FAQ

Frequently Asked Questions

Anna Petronzio, co-founder of Petronzio Schneier Co., LPA, has provided answers to some of the most frequently asked questions received regarding family and estate law. If you cannot find the answers you need, contact Anna to discuss your matter. Anna delivers personalized counsel to help you find a resolution.


I don’t want to be married anymore, what are my options?
There are several options of processes for ending your marriage. You can choose adversarial options, such a filing for a divorce or attempting to work out the terms of your divorce “kitchen table style”.  You can choose non-adversarial options, such as mediation or a collaborative process divorce.

How does mediation work?
If you and your spouse are able to work together but need someone to help you meet your goals or facilitate your communication, then mediation might be the answer for you. The mediator is a neutral and cannot represent you in the divorce proceedings but can help you reach resolution in the division of assets and debt, the custody and visitation of your children, agreements for child and spousal support.

How does collaborative divorce work?
Collaborative divorce allows each party to have their own attorney who has been trained in the collaborative process.  Initially, the parties sign an agreement where they agree that should they choose to file for divorce their collaborative counsel will not assist them in any court litigation. Collaborative divorce uses neutrals to assist the parties with financial issues, neutrals for business valuations, and coaches for child issues (for both the children and the parties).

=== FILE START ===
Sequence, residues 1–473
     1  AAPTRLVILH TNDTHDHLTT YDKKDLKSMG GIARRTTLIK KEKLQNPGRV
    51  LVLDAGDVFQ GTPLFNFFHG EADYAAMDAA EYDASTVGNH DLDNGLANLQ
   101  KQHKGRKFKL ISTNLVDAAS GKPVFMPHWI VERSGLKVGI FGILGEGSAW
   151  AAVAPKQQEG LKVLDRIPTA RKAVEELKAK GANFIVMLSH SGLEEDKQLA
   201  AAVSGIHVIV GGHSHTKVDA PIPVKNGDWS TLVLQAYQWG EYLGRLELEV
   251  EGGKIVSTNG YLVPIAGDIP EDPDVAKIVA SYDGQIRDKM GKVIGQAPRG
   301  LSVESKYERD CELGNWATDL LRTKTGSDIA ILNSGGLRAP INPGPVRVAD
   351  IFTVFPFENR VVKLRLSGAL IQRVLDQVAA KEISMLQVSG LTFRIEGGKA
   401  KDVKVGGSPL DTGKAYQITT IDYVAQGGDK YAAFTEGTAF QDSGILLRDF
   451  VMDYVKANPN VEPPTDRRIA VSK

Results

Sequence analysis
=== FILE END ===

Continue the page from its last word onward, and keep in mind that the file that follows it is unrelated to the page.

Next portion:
How can I choose which option will work best for me?
Which option will work for you will depend on you and your spouse and the circumstances in which you find yourself. We urge you to talk to your attorney about this before you settle on what is the correct choice for you.

Can one attorney represent both me and my spouse?
No, this is a conflict of interest for an attorney as there are too many conflicts for both spouses to have the same legal counsel. 

Will I have to go to Court for my divorce?
If you have a collaborative divorce, mediated divorce or a dissolution where you have agreed to all asset and debt division, the issues surrounding your children, child and spousal support then you can use a Private Judge.  The answer is you do not have to go to Court, but the Court can come to you.  If you choose to litigate, however, you will have to go to court.

What is a dissolution?
Dissolution of marriage is a non-adversarial divorce where you have agreed to all the terms of the divorce before you have filed it with the Court.

What is a separation? A legal separation?
You can file for a legal separation is you want to live separately from your spouse.  Legal separations follow the same rules as a divorce which cover items such as spousal support and parenting plans. Remember, however, you are not divorced, which means if you are legally separated you cannot remarry.  In order to remarry, you will have to get divorced.

I keep hearing the words “No fault” divorce.  What is that?
A “No fault” divorce is where either party can end the marriage on the basis of “living separate and apart for one year without interruption and without cohabitation” and if both parties agree that they are incompatible.